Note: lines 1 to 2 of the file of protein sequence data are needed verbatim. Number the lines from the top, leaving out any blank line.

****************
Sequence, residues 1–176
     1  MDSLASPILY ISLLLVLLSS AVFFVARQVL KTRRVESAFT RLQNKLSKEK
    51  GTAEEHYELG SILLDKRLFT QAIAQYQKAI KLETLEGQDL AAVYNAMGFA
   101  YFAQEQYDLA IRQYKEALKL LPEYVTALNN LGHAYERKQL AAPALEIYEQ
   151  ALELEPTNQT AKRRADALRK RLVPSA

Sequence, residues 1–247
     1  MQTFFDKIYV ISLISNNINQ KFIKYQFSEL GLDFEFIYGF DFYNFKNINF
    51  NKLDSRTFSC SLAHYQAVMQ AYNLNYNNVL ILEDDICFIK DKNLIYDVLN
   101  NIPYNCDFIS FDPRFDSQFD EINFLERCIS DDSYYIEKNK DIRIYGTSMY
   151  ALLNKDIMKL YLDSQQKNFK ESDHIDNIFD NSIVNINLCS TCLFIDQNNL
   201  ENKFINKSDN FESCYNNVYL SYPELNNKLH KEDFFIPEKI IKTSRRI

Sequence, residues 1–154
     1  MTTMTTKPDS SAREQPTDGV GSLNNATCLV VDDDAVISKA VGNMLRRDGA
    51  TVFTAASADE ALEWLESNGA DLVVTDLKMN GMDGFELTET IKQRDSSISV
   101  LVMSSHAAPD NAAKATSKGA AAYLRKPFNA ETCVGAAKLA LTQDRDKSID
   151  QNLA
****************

Sequence, residues 1–176
     1  MDSLASPILY ISLLLVLLSS AVFFVARQVL KTRRVESAFT RLQNKLSKEK